Amanda Smith heals her son's hip
"The entire hip joint of my wounded boy had been shot away. Flesh, hip bone, joint and all had been ploughed out from the muzzle of the gun, which the ruffian placed to the child's hip through the logs of the shop and deliberately fired. We laid little Alma on a bed in our tent and I examined the wound. It was a ghastly sight. I knew not what to do. It was night now. There were none left from that terrible scene, throughout that long, dark night, but about half a dozen bereaved and lamenting women, and the children. Eighteen or nineteen, all grown men excepting my murdered boy and another about the same age, were dead or dying; several more of the men were wounded, hiding away, whose groans through the night too well disclosed their hiding places, while the rest of the men had fled, at the moment of the massacre, to save their lives. The women were sobbing, in the greatest anguish of spirit; the children were crying loudly with fear and grief at the loss of fathers and brothers; the dogs howled over their dead masters and the cattle were terrified with the scent of the blood of the murdered. Yet was I there, all that long, dreadful night, with my dead and my wounded, and none but God as our physician and help. ‘Oh my Heavenly Father,’ I cried, ‘what shall I do? Thou seest my poor wounded boy and knowest my inexperience. Oh, Heavenly Father, direct me what to do!’
"And then I was directed as by a voice speaking to me. The ashes of our fire was still smouldering. We had been burning the bark of the shag-bark hickory. I was directed to take those ashes and make a lye and put a cloth saturated with it right into the wound. It hurt, but little Alma was too near dead to heed it much. Again and again I saturated the cloth and put it into the hole from which the hip joint had been ploughed, and each time mashed flesh and splinters of bone came away with the cloth; and the wound became as white as chicken's flesh.
"Having done as directed I again prayed to the Lord and was again instructed as distinctly as though a physician had been standing by speaking to me. Near by was a slippery-elm tree. From this I was told to make a slippery-elm poultice and fill the wound with it. My eldest boy was sent to get the slippery-elm from the roots, the poultice was made, and the wound, which took fully a quarter of a yard of linen to cover, so large was it, was properly dressed. It was then I found vent to my feelings in tears, and resigned myself to the anguish of the hour. And all that night we, a few poor, stricken women, were thus left there with our dead and wounded....
"The crawling of my boys under the bellows in the blacksmith's shop where the tragedy occurred, is an incident familiar to all our people. Alma's hip was shot away while thus hiding, Sardius was discovered after the massacre by the monsters who came in to dispoil the bodies. The eldest, Willard, was not discovered....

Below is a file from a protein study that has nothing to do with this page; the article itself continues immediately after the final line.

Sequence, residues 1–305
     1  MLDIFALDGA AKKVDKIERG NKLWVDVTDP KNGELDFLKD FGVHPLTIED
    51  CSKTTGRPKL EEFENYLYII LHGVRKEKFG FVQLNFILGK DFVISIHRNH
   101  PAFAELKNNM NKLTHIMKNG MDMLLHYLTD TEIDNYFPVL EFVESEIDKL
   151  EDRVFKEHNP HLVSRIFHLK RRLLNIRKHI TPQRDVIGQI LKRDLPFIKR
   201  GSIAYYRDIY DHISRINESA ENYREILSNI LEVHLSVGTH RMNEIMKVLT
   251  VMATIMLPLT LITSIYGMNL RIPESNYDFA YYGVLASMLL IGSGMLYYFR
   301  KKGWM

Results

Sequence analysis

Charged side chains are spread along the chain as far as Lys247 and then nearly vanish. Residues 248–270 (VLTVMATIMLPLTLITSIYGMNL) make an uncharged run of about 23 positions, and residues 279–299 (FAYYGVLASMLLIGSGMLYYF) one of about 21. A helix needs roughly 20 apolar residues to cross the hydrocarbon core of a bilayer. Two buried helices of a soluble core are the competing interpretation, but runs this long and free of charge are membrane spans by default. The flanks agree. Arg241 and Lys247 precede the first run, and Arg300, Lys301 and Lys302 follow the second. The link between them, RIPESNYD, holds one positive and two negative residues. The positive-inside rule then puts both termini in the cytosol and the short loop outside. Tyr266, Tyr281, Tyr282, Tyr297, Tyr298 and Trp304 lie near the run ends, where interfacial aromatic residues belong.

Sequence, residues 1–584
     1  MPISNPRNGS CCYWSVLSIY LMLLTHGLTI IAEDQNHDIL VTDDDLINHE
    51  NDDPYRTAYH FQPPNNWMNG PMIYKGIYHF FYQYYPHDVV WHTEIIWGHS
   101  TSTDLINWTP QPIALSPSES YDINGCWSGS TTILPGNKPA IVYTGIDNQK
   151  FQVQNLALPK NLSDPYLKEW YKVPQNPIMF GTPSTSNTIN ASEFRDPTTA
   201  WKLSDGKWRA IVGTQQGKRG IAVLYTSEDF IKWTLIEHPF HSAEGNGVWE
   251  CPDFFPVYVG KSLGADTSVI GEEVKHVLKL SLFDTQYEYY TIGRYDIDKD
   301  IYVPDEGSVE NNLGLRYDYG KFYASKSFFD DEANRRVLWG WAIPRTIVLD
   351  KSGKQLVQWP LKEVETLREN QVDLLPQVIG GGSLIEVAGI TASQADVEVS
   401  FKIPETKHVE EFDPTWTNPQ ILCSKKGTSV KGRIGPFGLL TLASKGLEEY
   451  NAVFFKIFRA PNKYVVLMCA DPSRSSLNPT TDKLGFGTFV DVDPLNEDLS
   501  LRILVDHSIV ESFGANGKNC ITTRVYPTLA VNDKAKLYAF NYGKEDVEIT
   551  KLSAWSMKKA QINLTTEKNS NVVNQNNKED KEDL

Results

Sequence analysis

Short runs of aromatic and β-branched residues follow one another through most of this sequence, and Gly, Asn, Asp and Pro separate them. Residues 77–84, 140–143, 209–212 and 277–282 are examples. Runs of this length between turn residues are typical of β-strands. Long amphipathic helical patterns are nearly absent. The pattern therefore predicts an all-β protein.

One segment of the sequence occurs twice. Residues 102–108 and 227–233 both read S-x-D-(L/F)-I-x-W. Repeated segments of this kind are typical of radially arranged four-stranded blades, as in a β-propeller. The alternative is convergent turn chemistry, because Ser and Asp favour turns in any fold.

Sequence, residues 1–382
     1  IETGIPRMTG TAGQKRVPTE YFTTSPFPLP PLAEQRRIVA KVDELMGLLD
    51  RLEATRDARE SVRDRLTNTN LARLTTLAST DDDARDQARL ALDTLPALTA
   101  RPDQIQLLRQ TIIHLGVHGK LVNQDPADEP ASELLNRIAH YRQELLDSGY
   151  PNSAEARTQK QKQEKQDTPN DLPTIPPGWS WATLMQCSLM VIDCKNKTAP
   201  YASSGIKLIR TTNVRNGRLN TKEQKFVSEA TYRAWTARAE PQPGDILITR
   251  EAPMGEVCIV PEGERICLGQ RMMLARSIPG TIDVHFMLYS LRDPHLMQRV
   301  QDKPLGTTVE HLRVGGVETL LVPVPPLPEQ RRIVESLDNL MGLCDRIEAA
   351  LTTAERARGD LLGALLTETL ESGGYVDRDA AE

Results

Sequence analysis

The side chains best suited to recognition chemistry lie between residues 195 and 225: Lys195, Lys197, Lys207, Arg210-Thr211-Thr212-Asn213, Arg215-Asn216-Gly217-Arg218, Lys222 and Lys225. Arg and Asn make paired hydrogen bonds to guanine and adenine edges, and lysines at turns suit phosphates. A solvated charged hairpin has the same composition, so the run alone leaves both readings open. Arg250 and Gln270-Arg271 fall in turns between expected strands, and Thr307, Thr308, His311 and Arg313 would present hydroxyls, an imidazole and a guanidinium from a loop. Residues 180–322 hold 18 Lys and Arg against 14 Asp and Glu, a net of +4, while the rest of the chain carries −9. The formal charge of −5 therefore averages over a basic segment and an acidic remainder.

"But to return to Alma, and how the Lord helped me to save his life. I removed the wounded boy to a house, some distance off, the next day, and dressed his hip; the Lord directing me as before. I was reminded that in my husband's trunk there was a bottle of balsam. This I poured into the wound, greatly soothing Alma's pain. ‘Alma, my child,’ I said, ‘you believe that the Lord made your hip?’ ‘Yes, mother.’ ‘Well, the Lord can make something there in the place of your hip, don't you believe he can, Alma?’ ‘Do you think that the Lord can, mother?’ inquired the child, in his simplicity. ‘Yes, my son,’ I replied, ‘he has showed it all to me in a vision.’
"Then I laid him comfortably on his face and said: ‘Now you lay like that, and don't move, and the Lord will make you another hip.’ So Alma laid on his face for five weeks, until he was entirely recovered—a flexible gristle having grown in place of the missing joint and socket, which remains to this day a marvel to physicians. On the day that he walked again I was out of the house fetching a bucket of water, when I heard screams from the children. Running back, in affright, I entered, and there was Alma on the floor, dancing around, and the children screaming in astonishment and joy. It is now nearly forty years ago, but Alma has never been the least crippled during his life, and he has traveled quite a long period of the time as a missionary of the gospel and a living miracle of the power of God. (Amanda Smith, LDS Biographical Encyclopedia, Andrew Jenson, Vol. 2, p.792-796)